Some researchers in Artificial Intelligence (AI) and Information Retrieval (IR) have studied the use of modeling users* task related documents to automatically retrieve useful information for the user [3, 4, 6, 17]. Watson [3, 4], for example, analyzes opened text documents, such as web pages that the user is browsing and word documents that the user is authoring, formulates queries to traditional IR systems (i.e. web search engines and databases), and provides just-in-time information to the user. This kind of system reduces the effort of querying and filtering by bringing the information to users as they need it. However, these systems identify relevant web pages mainly based on document similarity. As pointed out by Budzik et al [4] and Rhodes and Maes [17], for some tasks, similar documents may not be useful documents. Given a news page, most of the documents Watson finds would be information about the same story. But for many tasks, the user would be interested in related but different stories. Compare&Contrast is a system that finds those stories and brings them to the user even when the user is not aware of them.

With regard to retrieving comparable cases, Textual Case-Based Reasoning (TCBR), is a subfield of CBR that aims to use the textual knowledge sources in an automated or semi-automated way for supporting problem solving through case comparison [21]. Adapted from Information Retrieval and other text-oriented techniques, TCBR researchers developed various intelligent approaches to indexing and retrieving textual comparable cases [2, 12, 16].

One prominent work in TCBR is SMart Index Learner (SMIL) in the domain of law [1, 2]. In SMIL, Br邦ninghaus and Ashley noted that case specific names are unhelpful or even detrimental for case retrieval. Their system specifically addresses the issue through information extraction (IE) techniques. SMIL utilizes extraction rules and domain specific heuristics to replace the names of the parties and product-related information by their role in lawsuits. Coupled with other IE techniques for extracting actions and ascertaining negations, SMIL is able to generate abstract representations of textual legal cases, which are then used for classifying and indexing the cases. SMIL demonstrates the use of an IE tool in textual case-based reasoning. However, the system is domain-dependent, requires a certain level of knowledge engineering effort and is designed for situations in which all documents have similar content.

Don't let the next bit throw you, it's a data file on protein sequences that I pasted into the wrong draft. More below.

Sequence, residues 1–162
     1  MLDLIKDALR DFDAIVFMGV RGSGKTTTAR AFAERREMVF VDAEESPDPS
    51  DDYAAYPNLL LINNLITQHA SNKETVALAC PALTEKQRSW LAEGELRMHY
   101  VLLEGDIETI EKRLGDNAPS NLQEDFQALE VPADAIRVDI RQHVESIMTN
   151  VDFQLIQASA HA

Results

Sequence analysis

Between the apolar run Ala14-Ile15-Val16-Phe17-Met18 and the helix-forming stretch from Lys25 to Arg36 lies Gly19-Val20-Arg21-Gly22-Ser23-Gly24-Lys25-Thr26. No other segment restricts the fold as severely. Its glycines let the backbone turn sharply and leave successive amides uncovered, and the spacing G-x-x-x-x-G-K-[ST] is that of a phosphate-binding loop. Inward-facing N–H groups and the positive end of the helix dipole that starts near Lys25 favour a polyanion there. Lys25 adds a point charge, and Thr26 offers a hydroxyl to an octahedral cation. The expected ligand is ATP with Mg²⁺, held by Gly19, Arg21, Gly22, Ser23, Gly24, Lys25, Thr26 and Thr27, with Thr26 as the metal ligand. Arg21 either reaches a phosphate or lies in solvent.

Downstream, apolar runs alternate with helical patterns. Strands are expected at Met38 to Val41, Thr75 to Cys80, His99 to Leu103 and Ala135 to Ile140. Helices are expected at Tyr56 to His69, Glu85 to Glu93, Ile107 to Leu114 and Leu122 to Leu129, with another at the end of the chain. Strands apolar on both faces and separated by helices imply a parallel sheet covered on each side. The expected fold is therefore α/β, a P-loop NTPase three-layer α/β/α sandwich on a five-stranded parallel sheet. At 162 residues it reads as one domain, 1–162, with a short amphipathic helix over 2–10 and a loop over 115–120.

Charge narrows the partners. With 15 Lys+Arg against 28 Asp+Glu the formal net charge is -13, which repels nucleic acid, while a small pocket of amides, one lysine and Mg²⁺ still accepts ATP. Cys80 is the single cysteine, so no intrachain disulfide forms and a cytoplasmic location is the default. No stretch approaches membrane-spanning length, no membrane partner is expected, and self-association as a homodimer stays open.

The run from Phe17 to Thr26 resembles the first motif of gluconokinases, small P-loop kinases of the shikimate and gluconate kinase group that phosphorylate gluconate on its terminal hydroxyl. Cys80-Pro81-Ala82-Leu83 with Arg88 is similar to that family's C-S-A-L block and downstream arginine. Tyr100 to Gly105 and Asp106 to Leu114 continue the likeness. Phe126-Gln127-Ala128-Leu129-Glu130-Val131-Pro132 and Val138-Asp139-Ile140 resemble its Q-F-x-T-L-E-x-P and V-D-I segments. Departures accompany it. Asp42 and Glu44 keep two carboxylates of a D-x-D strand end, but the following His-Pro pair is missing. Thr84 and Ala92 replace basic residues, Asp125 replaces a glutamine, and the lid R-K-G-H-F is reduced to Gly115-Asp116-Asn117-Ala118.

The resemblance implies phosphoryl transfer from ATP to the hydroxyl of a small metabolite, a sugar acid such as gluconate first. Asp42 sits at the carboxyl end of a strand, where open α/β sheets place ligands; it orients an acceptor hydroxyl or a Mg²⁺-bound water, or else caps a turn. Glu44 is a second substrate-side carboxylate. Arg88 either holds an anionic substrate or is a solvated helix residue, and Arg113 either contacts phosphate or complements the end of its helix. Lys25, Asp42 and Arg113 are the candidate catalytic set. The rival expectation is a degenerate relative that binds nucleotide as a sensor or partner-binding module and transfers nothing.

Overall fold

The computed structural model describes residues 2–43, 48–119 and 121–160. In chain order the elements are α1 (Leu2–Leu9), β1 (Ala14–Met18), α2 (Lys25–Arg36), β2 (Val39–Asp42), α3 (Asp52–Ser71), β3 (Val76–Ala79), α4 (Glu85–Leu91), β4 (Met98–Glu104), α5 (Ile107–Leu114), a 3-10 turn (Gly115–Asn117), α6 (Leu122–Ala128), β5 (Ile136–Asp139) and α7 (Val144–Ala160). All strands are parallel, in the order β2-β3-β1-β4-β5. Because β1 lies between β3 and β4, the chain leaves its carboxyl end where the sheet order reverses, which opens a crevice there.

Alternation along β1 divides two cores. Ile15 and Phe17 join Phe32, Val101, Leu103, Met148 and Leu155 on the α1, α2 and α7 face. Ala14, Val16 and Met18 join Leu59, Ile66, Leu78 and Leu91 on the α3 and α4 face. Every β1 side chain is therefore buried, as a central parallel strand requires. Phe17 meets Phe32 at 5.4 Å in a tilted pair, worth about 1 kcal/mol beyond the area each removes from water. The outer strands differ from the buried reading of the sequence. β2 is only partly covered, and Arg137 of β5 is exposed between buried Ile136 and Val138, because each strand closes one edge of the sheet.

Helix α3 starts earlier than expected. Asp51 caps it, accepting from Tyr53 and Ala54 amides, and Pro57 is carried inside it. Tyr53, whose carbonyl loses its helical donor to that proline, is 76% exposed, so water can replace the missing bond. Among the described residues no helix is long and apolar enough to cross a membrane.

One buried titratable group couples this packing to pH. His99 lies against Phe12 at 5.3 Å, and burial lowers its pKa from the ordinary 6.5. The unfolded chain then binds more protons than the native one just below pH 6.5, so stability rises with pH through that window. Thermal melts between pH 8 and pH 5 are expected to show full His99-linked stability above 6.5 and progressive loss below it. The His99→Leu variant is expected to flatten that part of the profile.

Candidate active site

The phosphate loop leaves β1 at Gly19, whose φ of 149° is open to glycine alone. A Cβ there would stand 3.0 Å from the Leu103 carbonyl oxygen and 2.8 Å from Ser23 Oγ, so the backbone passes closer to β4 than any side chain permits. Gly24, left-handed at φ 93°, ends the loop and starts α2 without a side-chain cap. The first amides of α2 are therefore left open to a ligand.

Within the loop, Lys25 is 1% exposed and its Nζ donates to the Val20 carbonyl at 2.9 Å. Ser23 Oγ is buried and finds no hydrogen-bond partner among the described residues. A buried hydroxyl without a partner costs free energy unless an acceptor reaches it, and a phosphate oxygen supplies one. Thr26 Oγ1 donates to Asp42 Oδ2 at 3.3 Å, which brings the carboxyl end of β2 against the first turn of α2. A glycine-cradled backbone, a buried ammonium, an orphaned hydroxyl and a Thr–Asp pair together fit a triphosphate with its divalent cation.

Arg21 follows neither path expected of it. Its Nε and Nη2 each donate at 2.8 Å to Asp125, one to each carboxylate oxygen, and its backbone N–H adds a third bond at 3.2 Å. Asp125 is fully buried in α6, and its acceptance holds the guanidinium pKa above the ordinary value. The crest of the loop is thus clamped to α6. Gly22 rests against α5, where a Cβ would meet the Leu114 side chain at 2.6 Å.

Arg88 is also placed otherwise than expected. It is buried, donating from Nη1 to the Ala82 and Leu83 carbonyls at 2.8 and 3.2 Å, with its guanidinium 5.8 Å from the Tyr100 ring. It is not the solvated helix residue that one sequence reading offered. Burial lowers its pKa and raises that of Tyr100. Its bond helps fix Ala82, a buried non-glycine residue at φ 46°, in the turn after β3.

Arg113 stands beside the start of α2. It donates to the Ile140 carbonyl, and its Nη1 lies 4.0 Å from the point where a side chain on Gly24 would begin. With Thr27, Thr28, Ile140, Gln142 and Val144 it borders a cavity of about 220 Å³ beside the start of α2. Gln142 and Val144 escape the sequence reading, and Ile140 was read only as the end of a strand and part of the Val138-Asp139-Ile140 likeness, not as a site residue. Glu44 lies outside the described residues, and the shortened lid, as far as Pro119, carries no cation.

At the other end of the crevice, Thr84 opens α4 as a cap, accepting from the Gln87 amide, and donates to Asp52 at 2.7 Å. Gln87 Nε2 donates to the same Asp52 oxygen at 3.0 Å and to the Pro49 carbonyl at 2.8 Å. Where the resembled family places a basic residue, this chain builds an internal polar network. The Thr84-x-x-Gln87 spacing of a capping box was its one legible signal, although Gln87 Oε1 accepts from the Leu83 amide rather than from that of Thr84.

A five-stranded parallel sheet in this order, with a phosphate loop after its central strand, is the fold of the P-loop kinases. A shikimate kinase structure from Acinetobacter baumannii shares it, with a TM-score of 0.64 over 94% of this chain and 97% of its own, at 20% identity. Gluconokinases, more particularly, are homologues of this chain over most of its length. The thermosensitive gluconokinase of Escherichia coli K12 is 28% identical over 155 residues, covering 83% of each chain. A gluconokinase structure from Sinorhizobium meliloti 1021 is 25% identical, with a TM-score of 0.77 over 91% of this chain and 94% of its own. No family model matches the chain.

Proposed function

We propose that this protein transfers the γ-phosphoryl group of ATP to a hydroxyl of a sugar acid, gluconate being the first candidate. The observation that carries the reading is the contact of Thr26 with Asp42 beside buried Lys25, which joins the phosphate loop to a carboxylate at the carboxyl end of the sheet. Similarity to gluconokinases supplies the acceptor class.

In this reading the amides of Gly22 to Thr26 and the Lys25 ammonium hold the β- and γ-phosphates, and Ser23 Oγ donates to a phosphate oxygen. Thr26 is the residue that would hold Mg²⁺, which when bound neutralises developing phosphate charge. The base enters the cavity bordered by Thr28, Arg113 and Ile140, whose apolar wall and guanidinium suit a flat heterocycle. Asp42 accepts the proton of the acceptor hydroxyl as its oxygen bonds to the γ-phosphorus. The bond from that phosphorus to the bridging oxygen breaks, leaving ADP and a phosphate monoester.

SOPHIA CBR developed by Patterson et al. [16] is a domain-independent system that automatically discovers cases and similar knowledge based on a contextual document clustering approach. It intelligently discovers important groups of words that appear in similar documents, and clusters semantically similar cases accordingly. This method is designed for retrieving cases and discovering knowledge in a given text collection, which may not be feasible for processing the documents on the Web. However, their algorithm for discovering the important terms representing topics can be adopted to enhance the query formulation techniques for discovering comparable cases on the Web.

Unlike the TCBR systems that retrieve cases for machine reasoning, Compare&Contrast is aimed at finding comparable cases for human readers. Therefore, less emphasis is put on knowledge generation from texts. Moreover, the system finds comparable cases from the entire Web, which is much broader and noisier than typical text collections. Different methods must be developed to address the challenges presented by the Web.